The shoulder is one of the most mobile joints in the human body, and because of its wide range of motion, it is susceptible to instability conditions and injuries.
What is Shoulder Instability?
Shoulder instability occurs when tissues in the shoulder are unable to keep the arm centered in the shoulder socket. The head of the humerus bone, or upper arm bone, should normally rest in a shallow socket in your shoulder blade.
“Our shoulders rely on tendons, muscles and ligaments to keep them stable,” says Dr. Anthony S. Wei, a Rebound orthopedic surgeon who treats disorders affecting the shoulder and elbow. “These important tissues can become loose or torn, which can lead to dislocation and shoulder instability.”
What Causes Shoulder Instability?
Your shoulder can do many things; it is an integral part of arm movement, allowing you to lift your arm, reach, rotate, etc. When these movements are abrupt, strenuous or excessive, your shoulder can become instable. Injuries, particularly dislocation, and overuse are common culprits for shoulder instability.
“We see many cases of shoulder instability with athletes or active patients, especially in those who have either dislocated their shoulder at one point or engage in sports that involve heavy use of the shoulder, like swimming, baseball, tennis and volleyball,” says Dr. Wei.
While the majority of cases of shoulder instability result from dislocation or strenuous activities, a very small number of patients may experience shoulder instability due to naturally loose ligaments. In these instances, your shoulder may continually dislocate in multiple directions or feel loose/unstable.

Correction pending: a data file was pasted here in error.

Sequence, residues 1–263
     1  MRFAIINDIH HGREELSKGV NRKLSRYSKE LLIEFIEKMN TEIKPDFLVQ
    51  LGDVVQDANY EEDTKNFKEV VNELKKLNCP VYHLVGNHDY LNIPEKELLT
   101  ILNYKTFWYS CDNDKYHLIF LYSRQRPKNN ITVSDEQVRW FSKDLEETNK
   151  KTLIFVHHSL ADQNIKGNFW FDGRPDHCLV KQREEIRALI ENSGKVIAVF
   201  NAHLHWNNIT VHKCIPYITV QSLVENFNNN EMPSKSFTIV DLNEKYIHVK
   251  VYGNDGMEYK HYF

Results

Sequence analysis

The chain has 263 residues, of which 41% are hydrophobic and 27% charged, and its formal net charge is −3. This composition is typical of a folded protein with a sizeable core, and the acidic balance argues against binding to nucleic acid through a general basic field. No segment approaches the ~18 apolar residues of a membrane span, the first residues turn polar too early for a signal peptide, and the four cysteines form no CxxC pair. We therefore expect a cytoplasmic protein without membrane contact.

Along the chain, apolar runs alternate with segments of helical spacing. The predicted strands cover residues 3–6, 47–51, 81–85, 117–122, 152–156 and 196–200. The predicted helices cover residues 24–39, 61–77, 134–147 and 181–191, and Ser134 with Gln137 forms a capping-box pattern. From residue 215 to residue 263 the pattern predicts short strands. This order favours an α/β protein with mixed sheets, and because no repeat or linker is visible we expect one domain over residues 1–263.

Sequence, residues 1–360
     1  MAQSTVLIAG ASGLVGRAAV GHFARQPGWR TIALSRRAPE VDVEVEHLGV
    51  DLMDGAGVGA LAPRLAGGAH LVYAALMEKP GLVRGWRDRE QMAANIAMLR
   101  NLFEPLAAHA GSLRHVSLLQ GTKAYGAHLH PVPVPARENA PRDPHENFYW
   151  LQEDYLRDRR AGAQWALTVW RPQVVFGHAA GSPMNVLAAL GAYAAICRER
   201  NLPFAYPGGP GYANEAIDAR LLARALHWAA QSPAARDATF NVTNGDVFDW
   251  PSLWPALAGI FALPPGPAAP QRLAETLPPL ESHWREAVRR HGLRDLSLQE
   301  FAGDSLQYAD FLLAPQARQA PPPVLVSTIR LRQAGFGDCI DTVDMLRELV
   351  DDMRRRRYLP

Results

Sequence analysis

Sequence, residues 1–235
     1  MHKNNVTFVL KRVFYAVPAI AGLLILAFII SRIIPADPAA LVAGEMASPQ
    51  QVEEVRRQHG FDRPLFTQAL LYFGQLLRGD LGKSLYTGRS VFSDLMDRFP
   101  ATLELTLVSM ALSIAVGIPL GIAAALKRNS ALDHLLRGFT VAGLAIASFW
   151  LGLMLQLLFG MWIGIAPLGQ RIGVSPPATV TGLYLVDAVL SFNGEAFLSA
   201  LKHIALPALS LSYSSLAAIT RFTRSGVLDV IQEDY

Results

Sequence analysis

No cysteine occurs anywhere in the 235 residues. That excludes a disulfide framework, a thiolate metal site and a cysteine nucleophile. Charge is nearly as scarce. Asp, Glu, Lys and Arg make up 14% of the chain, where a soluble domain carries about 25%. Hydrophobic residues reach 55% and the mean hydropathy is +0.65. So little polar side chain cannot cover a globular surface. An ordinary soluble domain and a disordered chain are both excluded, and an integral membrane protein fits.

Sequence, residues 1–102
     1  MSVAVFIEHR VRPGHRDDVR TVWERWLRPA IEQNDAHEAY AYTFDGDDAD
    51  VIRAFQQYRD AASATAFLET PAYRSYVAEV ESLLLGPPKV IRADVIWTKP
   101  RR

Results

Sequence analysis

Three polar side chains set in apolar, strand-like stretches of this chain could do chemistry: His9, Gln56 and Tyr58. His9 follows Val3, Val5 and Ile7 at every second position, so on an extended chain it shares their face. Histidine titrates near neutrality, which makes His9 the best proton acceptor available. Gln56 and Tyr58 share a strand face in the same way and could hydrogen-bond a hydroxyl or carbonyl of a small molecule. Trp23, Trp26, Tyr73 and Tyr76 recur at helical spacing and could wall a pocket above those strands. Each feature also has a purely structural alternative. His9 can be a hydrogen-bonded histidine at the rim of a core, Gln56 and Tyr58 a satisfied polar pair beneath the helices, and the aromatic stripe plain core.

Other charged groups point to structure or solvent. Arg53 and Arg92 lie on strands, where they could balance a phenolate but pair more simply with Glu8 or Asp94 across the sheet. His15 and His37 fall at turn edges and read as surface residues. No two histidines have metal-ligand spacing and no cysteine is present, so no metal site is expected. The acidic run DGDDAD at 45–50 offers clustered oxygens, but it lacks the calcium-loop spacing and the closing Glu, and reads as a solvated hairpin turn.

What are Some Common Symptoms of Shoulder Instability?
Some of the most common symptoms of shoulder instability include:
- A loose sensation, as though upper arm bone is sliding out of the socket
- Shoulder pain
- Recurrent shoulder dislocations and shoulder fatigue
What are the Treatment Options for Shoulder Instability?
Rebound offers surgical and non-surgical treatment methods for shoulder instability. Depending on your symptoms and case, one of our shoulder specialists may recommend a combination of physical therapy, rest and anti-inflammatory medication. Our shoulder specialists work closely with our physical therapy team to create treatment plans structured to patients’ needs. This typically involves exercises to strengthen and condition shoulder muscles.
“With non-surgical treatment, our goal is to focus on targeted areas to create stability and flexibility while strengthening the shoulder,” says Dr. Wei.
When initial non-surgical treatments are not able to resolve the issue or ligaments have been stretched or damaged, our surgeons may recommend shoulder arthroscopy or an open surgical procedure. Surgery is usually necessary for patients who experience repeated dislocations.
After surgery, patients will begin a recovery and rehabilitation process based on your procedure (at-home exercise program, physical therapy, etc.).
If you’re experiencing the symptoms associated with shoulder instability or have recently dislocated or injured your shoulder, do not hesitate to make an appointment with one of our shoulder specialists. You may conveniently book an appointment online or call 1-800-REBOUND.